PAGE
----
Monday, May 6, 2013


Title: Girls & Monsters
Author: Anne Michaud
Publisher: DarkFuse
Publication Date: April 30, 2013
Genre: Horror
Reviewed by: Books4Tomorrow
Source: Received from publisher via NetGalley
My star rating: 4/5


This dark but uplifting collection of five Young Adult novellas includes:

Death Song: Liz is in love with Joe, but the monster of the lake has other plans for them.

Black Dog: Scarlet is engaged in a struggle for her sanity, but according to the voice in her head, she may be too late.

A Blue Story: When Katherine's beloved dog goes missing, she fears her strange new neighbor might be involved.

Dust Bunnies: Christiane faces her childhood arachnophobia and ends up confronting even greater fears in this test of sisterhood.

We Left at Night: Brooke and her family must abandon their home and their lives to make it out of a disease-plagued town overrun by zombies.

Girls & Monsters is for everyone who has ever been brave enough to confront their childhood fears...and lived to tell about it.


I’m not a huge fan of novellas and much less compilations of novellas, but I found Girls & Monsters to be quite riveting. The cover played a big role in my decision to request it for review, but so did the title of each novella which got my curiosity working overtime. I wouldn’t say any of these short stories are “uplifting”, as suggested by the blurb, but they were entertaining in a macabre sort of way.

Death Song: Vengeful mermaids aren’t something you read about every day, and as interesting as it was to read about a mermaid terrorizing a community and stealing people through water pipes, the ending was confusing for me and I didn’t know what to make of it. If there was a double meaning to the end of the story, it went way over my head.

Black Dog: I must admit, ever since being attacked by a black dog when I was six-years-old, I’ve had a paralyzing fear of dogs in general, black dogs more than others. The author effortlessly tapped into my fear of canines by creating a story about a girl hunted by a black dog everywhere she goes. Is it real, or is it only her imagination? A riveting read, yet my least favorite of the five novellas. It was too dramatic for my taste.

A Blue Story: Here is where the book really picked up and got a solid hold on me. If you love your dog, cat, parrot, whichever pet you have, this novella will probably make you view your neighbor differently. I enjoyed A Blue Story and it did freak me out somewhat.

Dust Bunnies: Undoubtedly my favorite of all five these short stories. Are you afraid of spiders? You are? Then you definitely don’t want to read this novella. But for those like me whose fear of arachnids isn’t in the top five things that would instantly guarantee a heart attack, Dust Bunnies is an unexpectedly sweet story. I absolutely adored this story since I never imagined it could be possible to love a cuddly, human-sized spider.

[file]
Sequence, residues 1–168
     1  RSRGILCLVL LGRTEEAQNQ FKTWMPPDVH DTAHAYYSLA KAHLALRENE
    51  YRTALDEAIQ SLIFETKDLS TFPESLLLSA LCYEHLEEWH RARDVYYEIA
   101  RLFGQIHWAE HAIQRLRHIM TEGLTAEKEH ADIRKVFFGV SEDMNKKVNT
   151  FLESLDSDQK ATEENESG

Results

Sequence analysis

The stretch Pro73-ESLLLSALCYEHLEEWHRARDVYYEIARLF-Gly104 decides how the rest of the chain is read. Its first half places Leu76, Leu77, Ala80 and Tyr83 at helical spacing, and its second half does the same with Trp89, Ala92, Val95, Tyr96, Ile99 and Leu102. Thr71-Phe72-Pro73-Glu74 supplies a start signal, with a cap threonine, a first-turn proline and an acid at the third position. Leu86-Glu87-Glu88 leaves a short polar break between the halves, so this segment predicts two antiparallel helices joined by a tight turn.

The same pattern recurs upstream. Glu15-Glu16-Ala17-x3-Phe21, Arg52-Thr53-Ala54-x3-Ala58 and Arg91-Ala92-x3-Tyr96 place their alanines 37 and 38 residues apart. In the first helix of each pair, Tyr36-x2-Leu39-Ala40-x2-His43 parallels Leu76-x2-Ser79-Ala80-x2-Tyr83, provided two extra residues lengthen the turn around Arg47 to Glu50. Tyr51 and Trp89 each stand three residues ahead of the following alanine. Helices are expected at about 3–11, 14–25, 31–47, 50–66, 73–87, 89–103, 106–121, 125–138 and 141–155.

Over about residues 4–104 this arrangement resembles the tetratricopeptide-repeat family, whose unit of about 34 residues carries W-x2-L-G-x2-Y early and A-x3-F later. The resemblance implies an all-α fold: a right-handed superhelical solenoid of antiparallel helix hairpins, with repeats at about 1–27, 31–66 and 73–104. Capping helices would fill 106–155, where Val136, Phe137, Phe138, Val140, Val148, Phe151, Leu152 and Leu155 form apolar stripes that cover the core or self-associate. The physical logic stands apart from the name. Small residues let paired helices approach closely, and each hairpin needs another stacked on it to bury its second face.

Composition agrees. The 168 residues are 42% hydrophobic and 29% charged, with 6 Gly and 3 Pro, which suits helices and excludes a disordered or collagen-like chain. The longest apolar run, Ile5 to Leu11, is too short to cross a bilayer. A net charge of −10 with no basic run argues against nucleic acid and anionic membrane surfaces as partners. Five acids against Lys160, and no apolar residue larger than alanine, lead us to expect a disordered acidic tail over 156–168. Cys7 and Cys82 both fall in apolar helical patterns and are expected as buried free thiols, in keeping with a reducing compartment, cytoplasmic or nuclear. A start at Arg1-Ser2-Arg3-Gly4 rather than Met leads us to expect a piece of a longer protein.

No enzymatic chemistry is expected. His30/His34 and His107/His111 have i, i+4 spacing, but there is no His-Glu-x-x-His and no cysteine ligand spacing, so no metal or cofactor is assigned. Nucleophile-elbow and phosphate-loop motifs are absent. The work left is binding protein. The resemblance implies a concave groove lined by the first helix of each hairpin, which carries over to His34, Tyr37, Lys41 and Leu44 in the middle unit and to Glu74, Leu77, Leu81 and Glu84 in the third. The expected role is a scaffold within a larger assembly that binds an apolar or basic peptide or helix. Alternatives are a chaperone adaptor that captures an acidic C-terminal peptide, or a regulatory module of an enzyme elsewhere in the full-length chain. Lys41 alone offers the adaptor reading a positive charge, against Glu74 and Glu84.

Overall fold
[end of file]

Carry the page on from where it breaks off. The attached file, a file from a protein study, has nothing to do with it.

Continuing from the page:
We Left at Night: I’ve read many zombie apocalypse novels and novellas and am at that point where they’re all starting to sound the same. Surprisingly, the author managed to write something a little different to the usual zombie-theme, and at the same time keep me on the edge of my seat and nervously chewing my nails while the characters in this novella run for their lives. Out of all five stories, this was the only one in which I found the characters to be fleshed out and I actually felt a connection to them.

Overall, I’d recommend this compilation of dark novellas to sensitive readers new to the horror genre; readers who enjoy stories that prey on their fears, and those who like to journey into the darkest parts of the mind. It is blood-, guts- and gore-free and the author didn’t succumb to shock techniques to give this book a voice. Five well-written novellas that are sure to keep you awake for a while makes Girls & Monsters a great read. 

I received a copy of this book from the publisher via NetGalley in exchange for an honest, unbiased review. 




Girls & Monsters by Anne Michaud has 19 reviews on Goodreads. Read it here.


Anne Michaud is an author of many talents, especially getting distracted by depressing music and dark things. She likes to write and read everyday, and speak of herself in the third person.

Since her Master’s degree in Screenwriting from the University of London, England, Anne has written, directed and produced three short films, distributed by Ouat! Media in Toronto, Canada. The lyric documentary Worth a Thousand Words (2006) can be seen here.

And then, after hundreds of hours spent on studying and making films, she changed her mind and started writing short stories, novelettes and novels. Some have been published, others will be soon enough.



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